Arnold Schoenberg and his pupil, Anton Webern, became vitally important at this same time of crossroads for the composer. One worked out, the other elevated to an art form, a system of composition that totally contradicted all traditional harmonic-melodic laws. Its purpose was to establish order, just as Bach's intention had been to make the clavier "well-tempered" by putting everything out of tune except the octaves.

People had accepted that without a murmur. However, there would be more than murmurings when Schoenberg put the "set" or "series" on the market of music. Formerly, all twelve tones of the chromatic scale had relations, pulls towards and pushes away from one note or the other. The system of inter-relationships was simple, definite, and compulsive. Schoenberg, however, made all the notes equal and independent. He arranged them in a sequence, or set or series, an arbitrary choice of succession and its eleven possible transpositions on the various degrees of the chromatic scale. Further, he inverted these, formed them in retrograde, or forward fashion.

Webern went further. He not only organized the melodic structure and determined its figures in "rows," but precisely serialized and formulated the rhythm, volume, timbre, density and the silences or pauses (rests) themselves.

What one now had was not the inspirational, temperamental, pouring out of undisciplined emotion in musical form, but a multi-dimensional, highly disciplined and controlled corporation of sound. Now music became infinitely more intricate and subtle. The performance was extremely difficult with the score totally organized and minutely registered for a specific sound at a specific time in a specific intensity of dynamics and duration.

In other words, the frontier of electronically tempered sound had been reached. Across it, the composer would be able to control to the nth degree every exact musical element.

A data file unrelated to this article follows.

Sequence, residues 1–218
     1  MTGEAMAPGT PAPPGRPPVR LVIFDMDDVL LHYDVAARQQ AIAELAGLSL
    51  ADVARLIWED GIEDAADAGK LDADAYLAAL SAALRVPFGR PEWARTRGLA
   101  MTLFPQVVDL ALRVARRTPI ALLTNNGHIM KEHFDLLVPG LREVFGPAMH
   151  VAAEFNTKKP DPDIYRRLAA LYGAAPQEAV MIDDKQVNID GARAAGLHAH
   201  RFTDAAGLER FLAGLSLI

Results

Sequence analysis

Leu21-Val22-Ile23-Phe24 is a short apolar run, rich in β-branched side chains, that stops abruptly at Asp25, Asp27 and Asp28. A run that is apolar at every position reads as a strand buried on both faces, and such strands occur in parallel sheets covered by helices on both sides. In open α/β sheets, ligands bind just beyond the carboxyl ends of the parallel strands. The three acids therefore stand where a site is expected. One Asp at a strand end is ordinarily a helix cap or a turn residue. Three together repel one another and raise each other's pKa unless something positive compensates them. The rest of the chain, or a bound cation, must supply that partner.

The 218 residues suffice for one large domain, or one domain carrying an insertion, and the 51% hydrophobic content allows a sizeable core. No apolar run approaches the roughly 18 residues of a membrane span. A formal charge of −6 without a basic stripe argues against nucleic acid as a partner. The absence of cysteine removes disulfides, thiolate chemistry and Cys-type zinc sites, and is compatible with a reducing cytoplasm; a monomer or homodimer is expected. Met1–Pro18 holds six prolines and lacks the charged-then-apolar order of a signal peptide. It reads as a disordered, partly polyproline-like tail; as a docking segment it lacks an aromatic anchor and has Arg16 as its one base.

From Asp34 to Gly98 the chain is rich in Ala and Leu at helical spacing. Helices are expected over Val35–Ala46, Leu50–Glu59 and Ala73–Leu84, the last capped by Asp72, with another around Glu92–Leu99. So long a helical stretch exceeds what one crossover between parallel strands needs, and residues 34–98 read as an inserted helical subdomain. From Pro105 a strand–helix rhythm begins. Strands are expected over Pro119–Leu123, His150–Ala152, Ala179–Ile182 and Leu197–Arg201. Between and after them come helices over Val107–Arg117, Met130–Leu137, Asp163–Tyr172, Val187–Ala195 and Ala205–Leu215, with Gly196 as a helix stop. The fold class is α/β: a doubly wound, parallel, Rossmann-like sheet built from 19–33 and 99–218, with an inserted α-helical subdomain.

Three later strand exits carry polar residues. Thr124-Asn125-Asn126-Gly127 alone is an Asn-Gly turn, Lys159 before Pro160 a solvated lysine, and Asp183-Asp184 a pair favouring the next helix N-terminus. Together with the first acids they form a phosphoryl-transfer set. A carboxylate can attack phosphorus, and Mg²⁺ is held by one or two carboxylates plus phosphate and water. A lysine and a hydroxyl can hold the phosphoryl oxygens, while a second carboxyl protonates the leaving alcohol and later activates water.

An equally important development came from the opposite direction, a generation later when John Cage opened our ears to the fact that any sound, organized or accidental, can be put to work by the artist of the new waves. Thus he liberated the composer, giving him the freedom to utilize all sounds, including those newly available through electronics. And by promulgating his chance or aleatoric methods of composition, he further opened the door to many new marvelous music experiences where the composer strives to eliminate himself from his work and simply let the sounds happen.

But what can electronics do that ivory and ebony cannot? To begin at the beginning, look at a tone. It consists of eight elements: It must have pitch, length, loudness, reverberation, harmonics, vibrato, and attack (the beginning of a tone) and decay (the very ending or "dying" of a tone). Now, by means of electronic charges or signals, wave lengths, oscillators, etc., any tone (and a million more) can be reproduced. And each element in a tone can be manipulated.

When an engineer tampers with these elements determining a tone, a variety of effects can be created. A drum, for example, played four times its original speed is a pistol shot. The violin tone without the attack—the first touch of horsehair against catgut—sounds exactly like an oboe. A piano in the middle to low range, when reduced still further down the tonal scale, has a tremendous resonance and wow power that cannot be produced in any other way. For a home demonstration, switch your phonograph from 33-1/3 rpm to 78 rpm and a piano will sound like a harpsichord. Switch it from 45 to 33-1/3 rpm and a tenor will become a bass.

Of course, only a musical forger would spend all this electronic energy reproducing tones that way. The modern electronic composer is interested in creating new sounds by such ways as, say, removing reverberation and injecting the harmonics from one tone into another. There, in that area, the vast wealth of all sound possible at any time desired, becomes within the realm of today's musician—ranging from those inaudibly high sounds which make birds fly instantly from a wire to those depths where sound turns into vibration pure and the room shakes.